What is Learnability?

There’s a very highly discussed term floating around the SaaS circles, and it seems to confuse a lot of people. You know what? I understand why, because of a persistent way of thinking that’s common among programming fields. So, what is learnability?

Persistent Views:

Well, it sounds like what it pretty much is. It’s the ability an average user would have for learning the software by hands on experience primarily. But, it also does pertain to actual training, and how easy to be trained on it, it is.

So, everyone should be concerned about learnability? Yes, absolutely. There’s a big push in the industry to design software so that it is entirely possible to learn just by poking at it deductively with little to no training.

This is achieved by understanding what common concepts are which people are familiar with, by terminology, menu system or control aesthetic. And, designing it so that doing things in the wrong order is not harmful in any way.

The counter to this, though, is that a common line of thinking is that training can solve any level of obfuscated and impregnable design. This is why things like 3D modeling software are so horribly impossible to learn and come to terms with.

This leads to people thinking making something learnable is only a frill, when in fact it is really important, in this increasingly digital world. More and more people are using software for everything, and that means making the software possible to come to terms with, and where training is needed, making the software so that the training isn’t difficult or tedious itself.


One of the biggest hurdles aside from people accepting it being important, is actually achieving the logistical difficulties it presents. Designing it to be easy to learn, yet capable of complex functions, while allowing haphazard experimentation to not cause critical failures severely is not easy.


One of the more interesting solutions around now is a unique tutorial creation system called an onboard program. These systems integrate into web forms, where they can watch users, correct mistakes, and prompt users from one step to the next, like a hands on tutor.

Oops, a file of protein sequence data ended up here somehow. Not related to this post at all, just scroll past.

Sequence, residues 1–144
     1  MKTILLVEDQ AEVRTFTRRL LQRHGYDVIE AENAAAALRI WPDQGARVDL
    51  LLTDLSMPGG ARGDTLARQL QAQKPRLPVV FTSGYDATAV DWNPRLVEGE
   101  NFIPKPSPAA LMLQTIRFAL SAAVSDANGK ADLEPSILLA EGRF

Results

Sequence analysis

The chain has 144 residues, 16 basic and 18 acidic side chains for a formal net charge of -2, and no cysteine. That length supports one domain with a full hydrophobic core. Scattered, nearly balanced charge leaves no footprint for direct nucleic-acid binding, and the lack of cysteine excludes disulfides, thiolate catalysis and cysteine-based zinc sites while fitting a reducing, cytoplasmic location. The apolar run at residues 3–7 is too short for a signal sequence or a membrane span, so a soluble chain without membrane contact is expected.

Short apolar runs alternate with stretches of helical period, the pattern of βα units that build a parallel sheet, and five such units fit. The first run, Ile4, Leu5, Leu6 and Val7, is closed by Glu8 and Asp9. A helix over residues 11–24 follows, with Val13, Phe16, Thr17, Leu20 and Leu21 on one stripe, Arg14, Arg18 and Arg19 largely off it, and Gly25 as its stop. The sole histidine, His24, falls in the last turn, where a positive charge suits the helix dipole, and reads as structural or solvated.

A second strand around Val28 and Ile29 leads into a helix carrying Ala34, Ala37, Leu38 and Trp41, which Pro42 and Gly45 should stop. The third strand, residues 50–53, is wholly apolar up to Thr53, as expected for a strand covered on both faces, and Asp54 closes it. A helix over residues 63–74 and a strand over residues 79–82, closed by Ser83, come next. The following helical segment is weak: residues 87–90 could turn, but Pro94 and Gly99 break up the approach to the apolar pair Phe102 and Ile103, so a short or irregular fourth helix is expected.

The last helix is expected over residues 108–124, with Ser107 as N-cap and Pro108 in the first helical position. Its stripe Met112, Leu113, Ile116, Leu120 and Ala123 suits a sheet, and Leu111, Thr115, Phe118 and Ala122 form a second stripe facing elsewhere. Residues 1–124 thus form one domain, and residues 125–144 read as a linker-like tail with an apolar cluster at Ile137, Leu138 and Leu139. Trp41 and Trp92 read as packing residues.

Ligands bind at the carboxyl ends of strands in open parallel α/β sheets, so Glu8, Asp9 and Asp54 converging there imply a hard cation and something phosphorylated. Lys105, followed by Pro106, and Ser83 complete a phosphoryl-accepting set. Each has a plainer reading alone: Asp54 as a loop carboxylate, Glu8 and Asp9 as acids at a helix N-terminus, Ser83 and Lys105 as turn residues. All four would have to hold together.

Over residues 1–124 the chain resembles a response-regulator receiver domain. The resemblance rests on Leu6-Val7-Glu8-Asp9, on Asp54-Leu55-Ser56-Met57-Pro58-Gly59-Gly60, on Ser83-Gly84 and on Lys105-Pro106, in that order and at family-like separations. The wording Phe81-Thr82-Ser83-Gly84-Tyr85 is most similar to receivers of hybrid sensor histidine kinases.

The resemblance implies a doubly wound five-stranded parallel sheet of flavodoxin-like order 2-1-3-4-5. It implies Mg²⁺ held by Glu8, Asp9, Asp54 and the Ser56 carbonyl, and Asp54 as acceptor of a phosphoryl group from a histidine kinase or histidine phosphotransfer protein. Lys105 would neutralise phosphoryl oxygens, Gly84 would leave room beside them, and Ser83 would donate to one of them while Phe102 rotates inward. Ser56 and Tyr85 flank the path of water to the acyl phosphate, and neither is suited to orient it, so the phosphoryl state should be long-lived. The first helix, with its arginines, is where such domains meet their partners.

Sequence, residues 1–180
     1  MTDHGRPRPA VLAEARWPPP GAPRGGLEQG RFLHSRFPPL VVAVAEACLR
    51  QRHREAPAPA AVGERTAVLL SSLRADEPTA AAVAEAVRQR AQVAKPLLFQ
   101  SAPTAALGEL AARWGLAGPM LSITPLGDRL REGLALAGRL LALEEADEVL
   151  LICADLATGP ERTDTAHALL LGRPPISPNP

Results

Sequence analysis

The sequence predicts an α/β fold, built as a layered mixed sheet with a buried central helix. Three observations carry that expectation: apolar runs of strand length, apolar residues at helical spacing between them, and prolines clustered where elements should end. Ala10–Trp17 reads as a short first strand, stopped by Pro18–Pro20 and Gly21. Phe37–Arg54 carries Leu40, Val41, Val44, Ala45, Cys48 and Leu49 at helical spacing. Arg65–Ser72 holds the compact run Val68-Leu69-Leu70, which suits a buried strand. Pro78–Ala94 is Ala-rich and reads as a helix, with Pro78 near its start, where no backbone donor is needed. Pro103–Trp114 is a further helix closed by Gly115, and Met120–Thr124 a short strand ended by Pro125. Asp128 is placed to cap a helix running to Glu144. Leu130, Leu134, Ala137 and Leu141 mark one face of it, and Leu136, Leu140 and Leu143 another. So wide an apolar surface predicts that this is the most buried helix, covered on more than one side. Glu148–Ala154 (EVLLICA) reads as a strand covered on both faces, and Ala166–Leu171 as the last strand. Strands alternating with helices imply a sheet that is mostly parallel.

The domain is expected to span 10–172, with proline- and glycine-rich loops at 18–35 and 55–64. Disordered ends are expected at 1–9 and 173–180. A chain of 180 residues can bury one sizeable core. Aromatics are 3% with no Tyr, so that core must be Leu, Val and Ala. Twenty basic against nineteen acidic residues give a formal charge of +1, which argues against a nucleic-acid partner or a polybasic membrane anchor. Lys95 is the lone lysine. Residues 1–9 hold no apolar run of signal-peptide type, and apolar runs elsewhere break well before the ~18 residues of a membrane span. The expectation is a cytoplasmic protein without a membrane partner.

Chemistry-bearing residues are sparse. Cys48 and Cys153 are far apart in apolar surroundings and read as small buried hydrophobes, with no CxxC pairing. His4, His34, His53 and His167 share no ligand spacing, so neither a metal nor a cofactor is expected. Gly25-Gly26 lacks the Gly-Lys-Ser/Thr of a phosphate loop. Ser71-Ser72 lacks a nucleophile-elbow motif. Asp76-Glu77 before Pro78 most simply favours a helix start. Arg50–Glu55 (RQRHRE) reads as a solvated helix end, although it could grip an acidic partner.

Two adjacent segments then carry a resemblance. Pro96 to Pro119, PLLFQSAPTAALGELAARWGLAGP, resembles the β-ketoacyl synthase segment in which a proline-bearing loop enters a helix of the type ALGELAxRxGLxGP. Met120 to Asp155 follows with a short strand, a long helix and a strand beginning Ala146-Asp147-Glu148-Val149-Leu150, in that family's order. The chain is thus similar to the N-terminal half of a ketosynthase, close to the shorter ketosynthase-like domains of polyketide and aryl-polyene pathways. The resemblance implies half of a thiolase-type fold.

Integrating these into the software bridges this gap, by allowing the software to be somewhat complex, but with a framework to hand-hold the user through it and prevent those fatal mistakes.

Overcoming the hurdle of simple yet complex is much less of a struggle once you have an onboard guidance system like that to teach the user by doing. Software like this has revolutionized several other problematic ideas too, such as self service customer service, usability measurements and so on.

With software like this to make it easier, focusing on making your design learnable is not only a good idea, there’s absolutely no excuse not to put the effort into it.

So, what is learnability? Again, it’s exactly what it sounds like, and it’s far, far more important than you might initially think. It’s because of the volume of people who are waiting to use your software now, versus a time when some specialism allowed for harder to come to terms with designs.


Jessica Miller
Jessica is the Lead Author & Editor of UsabilityLab Blog. Jessica writes for the UsabilityLab blog to create a source for news and discussion about some of the issues, challenges, news, and ideas relating to usability.
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